A Government Reform Committee meeting earlier this week focusing on the security implications of peer-to-peer (P2P) networking apparently led to fireworks.
CNET reports that lawmakers from both parties grilled Mark Groton, the chairman of P2P software provider Lime Wire. Senators maintained that in some cases P2P endangers national security, violates copyright law, and intrudes on people's privacy. Committee Chariman Henry Waxman (D.-Calif.) said that he is considering laws aimed at file sharing.
The Congressional scrutiny is coming as more industry attention is trained on P2P security. Last week, Prolexic released a report that said P2P is being used to launch distributed denial of service (DDoS) attacks. This story at BCS suggests that the trend, which was first noticed in April and May, is part of an overall move toward exploiting Web 2.0 interfaces to commandeer machines. P2P is being used by criminals to help form botnets, experts say.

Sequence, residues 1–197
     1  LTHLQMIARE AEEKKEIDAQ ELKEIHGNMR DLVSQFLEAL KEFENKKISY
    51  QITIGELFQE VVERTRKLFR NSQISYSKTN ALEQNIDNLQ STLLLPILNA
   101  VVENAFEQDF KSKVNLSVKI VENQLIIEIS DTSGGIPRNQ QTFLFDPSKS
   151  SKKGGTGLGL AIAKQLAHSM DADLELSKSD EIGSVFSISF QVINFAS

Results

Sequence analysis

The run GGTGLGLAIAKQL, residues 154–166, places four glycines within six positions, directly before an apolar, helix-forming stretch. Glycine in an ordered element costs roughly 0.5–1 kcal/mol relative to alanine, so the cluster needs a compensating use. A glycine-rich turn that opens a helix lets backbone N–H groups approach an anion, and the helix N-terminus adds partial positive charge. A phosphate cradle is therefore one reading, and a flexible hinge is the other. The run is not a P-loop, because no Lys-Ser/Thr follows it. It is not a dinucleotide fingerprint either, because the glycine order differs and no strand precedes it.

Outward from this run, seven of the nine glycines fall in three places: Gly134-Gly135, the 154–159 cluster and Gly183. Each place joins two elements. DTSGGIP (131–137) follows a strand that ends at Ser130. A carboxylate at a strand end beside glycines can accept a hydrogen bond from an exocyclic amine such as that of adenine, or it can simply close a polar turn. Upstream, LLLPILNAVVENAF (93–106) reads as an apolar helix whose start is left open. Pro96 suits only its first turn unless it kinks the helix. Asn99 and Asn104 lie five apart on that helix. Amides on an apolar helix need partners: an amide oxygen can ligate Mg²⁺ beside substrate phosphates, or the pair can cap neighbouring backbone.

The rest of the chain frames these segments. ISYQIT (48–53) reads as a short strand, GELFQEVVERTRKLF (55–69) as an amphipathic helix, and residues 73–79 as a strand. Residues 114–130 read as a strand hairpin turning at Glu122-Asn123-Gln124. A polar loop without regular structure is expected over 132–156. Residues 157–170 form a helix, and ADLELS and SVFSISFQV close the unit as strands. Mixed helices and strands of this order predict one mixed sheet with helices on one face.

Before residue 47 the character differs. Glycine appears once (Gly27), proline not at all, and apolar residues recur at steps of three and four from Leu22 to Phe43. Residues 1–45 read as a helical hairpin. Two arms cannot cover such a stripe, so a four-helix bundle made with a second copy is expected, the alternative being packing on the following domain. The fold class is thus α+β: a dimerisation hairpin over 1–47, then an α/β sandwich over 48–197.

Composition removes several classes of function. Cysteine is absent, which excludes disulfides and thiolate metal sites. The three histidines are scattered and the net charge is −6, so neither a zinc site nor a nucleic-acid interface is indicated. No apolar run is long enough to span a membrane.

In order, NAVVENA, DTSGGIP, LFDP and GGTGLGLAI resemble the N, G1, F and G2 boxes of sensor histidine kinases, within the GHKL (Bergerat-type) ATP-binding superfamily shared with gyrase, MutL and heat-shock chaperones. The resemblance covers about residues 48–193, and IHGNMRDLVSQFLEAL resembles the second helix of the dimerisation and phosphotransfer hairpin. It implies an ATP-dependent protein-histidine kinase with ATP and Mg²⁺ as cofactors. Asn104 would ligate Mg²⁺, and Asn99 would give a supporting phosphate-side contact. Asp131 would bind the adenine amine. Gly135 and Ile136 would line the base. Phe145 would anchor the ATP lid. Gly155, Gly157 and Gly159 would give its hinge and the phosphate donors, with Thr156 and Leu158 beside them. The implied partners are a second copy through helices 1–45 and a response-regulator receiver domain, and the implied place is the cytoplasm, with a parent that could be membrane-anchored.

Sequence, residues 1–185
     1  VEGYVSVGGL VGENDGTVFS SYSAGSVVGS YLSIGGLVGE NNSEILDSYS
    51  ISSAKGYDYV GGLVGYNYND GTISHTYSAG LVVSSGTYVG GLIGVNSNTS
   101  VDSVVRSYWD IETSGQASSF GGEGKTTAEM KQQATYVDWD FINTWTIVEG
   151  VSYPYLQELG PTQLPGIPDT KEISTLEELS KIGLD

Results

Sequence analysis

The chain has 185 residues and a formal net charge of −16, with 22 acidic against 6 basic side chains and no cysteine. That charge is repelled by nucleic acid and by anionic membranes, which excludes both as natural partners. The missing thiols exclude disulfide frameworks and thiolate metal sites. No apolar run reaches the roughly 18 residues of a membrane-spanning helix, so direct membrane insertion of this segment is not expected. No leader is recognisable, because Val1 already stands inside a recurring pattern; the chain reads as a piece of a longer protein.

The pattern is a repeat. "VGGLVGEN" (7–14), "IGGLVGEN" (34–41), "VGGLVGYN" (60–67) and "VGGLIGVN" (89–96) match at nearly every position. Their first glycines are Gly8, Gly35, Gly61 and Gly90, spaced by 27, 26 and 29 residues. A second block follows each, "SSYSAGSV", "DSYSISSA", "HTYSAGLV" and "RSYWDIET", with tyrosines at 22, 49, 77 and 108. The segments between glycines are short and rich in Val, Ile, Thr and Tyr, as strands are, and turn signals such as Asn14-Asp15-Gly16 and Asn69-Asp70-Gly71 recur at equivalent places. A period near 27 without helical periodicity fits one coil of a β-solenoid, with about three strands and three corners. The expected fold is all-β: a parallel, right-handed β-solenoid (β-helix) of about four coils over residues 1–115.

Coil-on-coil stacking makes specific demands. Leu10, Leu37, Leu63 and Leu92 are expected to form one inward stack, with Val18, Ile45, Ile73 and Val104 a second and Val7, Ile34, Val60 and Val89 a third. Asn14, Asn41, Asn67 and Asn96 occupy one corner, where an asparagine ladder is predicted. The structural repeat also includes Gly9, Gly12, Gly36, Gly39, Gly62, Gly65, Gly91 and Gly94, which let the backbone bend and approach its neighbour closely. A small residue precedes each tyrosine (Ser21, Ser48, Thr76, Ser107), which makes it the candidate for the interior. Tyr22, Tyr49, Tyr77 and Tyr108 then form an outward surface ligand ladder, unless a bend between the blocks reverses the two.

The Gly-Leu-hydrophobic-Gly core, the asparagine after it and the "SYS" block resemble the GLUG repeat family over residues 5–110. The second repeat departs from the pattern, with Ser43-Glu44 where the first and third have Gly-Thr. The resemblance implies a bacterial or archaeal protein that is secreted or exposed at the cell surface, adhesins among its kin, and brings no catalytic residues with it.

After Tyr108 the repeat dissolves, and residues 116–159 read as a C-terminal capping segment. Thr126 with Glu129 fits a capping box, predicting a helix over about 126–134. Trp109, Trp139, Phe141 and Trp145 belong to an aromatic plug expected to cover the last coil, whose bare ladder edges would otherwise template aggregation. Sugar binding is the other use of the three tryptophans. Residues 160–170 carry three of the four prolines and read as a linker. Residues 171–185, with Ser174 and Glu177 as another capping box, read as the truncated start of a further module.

It's not difficult to find examples of the dangers of P2P. For instance, this TechWorld piece says a policeman with the Tokyo Metropolitan Police Department using the Winny file-sharing program inadvertently made 6,600 documents on his hard drive available to outsiders. Among the data was a list of vital information on as many as 12,000 people, the location of crime-fighting license plate readers, and the names and addresses of 400 members of a criminal gang.
The story says the policeman denied having the program, which earlier was responsible for compromising security at a nuclear power station run by the Chubu Electric Power Company.
Another recent example was installation of P2P software in a laptop used by a Pfizer executive that made vulnerable sensitive information on about 17,000 employees.
Experts say the fault lies with users, who don't understand file sharing and install in a way that makes their entire C: drives vulnerable to outsiders.
Ari Tammam, a vice president at Promisec, told IT Business Edge that, outside of instant messaging, there is no real need for P2P and that it should be limited. There are a number of approaches, from total bans to limits on usage and content monitoring. Corporate cooperation is best gained, Tammam says, by showing real-world examples of people wasting time and company resources by using P2P programs.